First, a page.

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    A detailed behavior of 1.3- mu m GaInAsP p-substrate buried-crescent lasers emitting maximum output powers of more than 30 mW/facet is discussed. A 3-dB modulation bandwidth of 11.5 GHz, and relative intensity noise level of approximately -145 dB/Hz were observed at 5 I/sub th/. The two-tone intermodulation distortion was more than 30 dB below the 9-GHz subcarriers for a current modulation index of approximately 40%.<> View full abstract»

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  • The effect of laser chirping on lightwave system performance

    Page(s): 568 - 573
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    Directly modulated semiconductor lasers exhibit a dynamic wavelength shift (chirping) arising from gain-induced variations of the laser refractive index. The effect of laser chirping on the performance of multi-Gb/s lightwave systems operating at a wavelength of 1550 nm is investigated. Models suitable for computer-aided analysis are used to describe the dynamic response of the laser and the propagation of chirped optical pulses through a step-index single-mode optical fibre. A truncated pulse train, Gauss quadrature rule method is used to evaluate the average bit error rate of the receiver. This permits pattern effects in the transmitted optical waveform due to the laser dynamics and nonlinear optical power transmission properties of optical fibers to be included in the system model. The influence that modulation and device parameters have on the receiver sensitivity is assessed.<> View full abstract»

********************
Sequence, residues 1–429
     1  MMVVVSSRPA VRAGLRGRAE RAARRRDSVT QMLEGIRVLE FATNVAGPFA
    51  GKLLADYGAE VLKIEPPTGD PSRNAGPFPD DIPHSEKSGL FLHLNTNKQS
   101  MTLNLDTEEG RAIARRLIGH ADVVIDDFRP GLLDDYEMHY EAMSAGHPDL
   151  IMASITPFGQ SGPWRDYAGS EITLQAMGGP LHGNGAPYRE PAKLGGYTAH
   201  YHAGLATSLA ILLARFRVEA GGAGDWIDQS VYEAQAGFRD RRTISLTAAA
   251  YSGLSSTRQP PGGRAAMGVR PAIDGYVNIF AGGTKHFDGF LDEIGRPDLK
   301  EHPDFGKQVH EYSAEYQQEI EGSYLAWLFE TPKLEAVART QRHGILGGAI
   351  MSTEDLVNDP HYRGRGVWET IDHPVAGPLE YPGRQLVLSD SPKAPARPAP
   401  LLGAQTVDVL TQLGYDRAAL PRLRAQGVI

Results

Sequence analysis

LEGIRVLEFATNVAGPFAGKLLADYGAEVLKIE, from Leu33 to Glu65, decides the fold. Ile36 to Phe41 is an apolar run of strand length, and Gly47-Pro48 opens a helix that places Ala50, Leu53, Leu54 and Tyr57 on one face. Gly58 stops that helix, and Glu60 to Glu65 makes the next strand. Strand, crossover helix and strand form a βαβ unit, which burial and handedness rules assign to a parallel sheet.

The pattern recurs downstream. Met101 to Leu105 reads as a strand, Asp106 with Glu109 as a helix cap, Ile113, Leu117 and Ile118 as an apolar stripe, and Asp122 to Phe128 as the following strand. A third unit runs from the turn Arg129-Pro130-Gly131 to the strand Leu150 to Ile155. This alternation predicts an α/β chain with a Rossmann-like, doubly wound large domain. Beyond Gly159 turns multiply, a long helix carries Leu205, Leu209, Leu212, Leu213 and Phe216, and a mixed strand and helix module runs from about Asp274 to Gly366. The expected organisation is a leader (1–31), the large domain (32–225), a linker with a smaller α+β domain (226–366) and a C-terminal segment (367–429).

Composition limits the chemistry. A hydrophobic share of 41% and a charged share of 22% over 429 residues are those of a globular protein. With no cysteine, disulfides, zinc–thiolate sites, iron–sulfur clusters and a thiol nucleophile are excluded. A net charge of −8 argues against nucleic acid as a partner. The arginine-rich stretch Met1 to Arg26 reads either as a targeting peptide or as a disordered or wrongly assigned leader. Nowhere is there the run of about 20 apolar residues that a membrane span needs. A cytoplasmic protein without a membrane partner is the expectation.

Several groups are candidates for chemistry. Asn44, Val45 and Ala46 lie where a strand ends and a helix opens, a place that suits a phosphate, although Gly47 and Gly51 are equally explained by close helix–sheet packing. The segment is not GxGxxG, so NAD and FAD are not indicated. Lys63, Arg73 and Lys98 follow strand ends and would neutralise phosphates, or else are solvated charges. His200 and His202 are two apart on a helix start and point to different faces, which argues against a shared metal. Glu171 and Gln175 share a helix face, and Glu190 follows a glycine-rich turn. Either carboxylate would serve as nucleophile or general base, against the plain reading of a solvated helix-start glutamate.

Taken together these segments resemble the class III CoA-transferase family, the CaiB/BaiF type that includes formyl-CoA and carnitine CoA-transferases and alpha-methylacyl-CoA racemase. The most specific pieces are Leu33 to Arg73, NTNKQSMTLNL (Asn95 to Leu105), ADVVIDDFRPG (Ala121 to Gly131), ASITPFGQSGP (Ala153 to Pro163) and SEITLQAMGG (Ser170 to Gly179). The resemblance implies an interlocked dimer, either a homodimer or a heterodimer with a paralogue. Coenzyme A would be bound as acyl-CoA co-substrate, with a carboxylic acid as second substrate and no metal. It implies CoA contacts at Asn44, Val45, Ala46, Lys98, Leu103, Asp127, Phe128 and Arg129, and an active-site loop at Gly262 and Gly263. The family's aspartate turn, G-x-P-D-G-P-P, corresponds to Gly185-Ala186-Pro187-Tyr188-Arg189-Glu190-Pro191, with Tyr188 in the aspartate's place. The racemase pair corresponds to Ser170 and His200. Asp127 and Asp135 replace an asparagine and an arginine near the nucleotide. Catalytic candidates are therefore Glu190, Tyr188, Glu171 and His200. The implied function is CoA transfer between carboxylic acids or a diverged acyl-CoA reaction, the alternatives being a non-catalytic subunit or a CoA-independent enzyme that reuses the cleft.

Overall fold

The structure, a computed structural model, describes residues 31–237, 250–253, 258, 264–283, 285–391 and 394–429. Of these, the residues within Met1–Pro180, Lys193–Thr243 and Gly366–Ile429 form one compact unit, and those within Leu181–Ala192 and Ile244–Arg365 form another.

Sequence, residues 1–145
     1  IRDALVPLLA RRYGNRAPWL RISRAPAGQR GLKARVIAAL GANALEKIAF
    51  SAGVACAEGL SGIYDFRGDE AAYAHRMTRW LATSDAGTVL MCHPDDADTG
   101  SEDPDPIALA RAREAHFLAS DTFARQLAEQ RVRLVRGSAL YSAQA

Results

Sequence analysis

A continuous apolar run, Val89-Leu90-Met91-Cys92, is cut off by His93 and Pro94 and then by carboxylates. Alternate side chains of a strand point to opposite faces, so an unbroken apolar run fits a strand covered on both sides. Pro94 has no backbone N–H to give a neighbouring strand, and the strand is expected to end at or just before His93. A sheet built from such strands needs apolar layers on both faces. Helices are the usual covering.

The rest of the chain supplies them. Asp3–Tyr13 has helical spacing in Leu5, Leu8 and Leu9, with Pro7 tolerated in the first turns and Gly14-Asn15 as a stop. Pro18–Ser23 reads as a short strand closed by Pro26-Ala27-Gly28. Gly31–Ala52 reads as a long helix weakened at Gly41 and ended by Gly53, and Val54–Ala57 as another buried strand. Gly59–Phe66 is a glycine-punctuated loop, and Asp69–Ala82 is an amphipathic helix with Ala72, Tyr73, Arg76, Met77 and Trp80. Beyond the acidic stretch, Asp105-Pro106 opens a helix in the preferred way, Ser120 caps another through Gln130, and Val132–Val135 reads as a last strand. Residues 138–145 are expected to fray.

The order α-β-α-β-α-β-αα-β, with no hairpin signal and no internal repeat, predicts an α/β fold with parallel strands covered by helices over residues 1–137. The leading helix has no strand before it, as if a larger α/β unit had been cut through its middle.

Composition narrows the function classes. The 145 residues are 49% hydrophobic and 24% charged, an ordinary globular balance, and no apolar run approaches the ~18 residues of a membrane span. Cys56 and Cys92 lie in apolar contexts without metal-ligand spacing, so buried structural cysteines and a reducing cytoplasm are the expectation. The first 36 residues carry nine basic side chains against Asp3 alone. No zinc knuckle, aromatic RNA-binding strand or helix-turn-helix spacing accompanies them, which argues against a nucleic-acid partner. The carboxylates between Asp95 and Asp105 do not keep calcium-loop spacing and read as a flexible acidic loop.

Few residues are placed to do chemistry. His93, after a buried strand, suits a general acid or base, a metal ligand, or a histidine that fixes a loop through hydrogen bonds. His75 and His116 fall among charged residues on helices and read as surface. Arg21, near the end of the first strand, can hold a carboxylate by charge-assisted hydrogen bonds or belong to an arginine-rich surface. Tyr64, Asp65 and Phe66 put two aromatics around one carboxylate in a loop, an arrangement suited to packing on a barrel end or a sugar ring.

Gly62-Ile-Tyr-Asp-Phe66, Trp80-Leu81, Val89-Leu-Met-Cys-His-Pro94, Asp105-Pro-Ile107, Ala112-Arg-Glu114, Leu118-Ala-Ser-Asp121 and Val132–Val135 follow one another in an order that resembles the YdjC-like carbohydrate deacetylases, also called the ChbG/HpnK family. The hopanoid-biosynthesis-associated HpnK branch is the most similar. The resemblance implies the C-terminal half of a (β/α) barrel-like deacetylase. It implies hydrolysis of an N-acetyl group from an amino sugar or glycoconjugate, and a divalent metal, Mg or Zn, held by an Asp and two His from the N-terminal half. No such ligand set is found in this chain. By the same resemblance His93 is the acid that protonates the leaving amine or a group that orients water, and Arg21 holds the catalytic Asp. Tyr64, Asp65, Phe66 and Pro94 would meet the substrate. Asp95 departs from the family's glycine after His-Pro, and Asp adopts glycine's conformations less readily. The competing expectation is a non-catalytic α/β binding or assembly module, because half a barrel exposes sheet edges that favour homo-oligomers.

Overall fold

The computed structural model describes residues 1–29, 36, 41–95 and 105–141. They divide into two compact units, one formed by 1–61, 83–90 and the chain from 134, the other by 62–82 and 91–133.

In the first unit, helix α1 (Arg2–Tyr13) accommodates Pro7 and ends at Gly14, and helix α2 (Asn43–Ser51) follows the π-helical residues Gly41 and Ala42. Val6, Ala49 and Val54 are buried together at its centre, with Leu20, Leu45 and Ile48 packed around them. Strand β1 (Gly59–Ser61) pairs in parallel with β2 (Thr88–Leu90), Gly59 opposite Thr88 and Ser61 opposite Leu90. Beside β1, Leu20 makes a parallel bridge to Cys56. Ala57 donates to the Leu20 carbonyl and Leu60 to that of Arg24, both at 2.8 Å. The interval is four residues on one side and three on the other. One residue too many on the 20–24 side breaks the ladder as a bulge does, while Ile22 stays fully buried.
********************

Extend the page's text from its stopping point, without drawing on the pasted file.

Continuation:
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  • Optical fiber splice loss predictions from one-way OTDR measurements based on a probability model

    Page(s): 490 - 499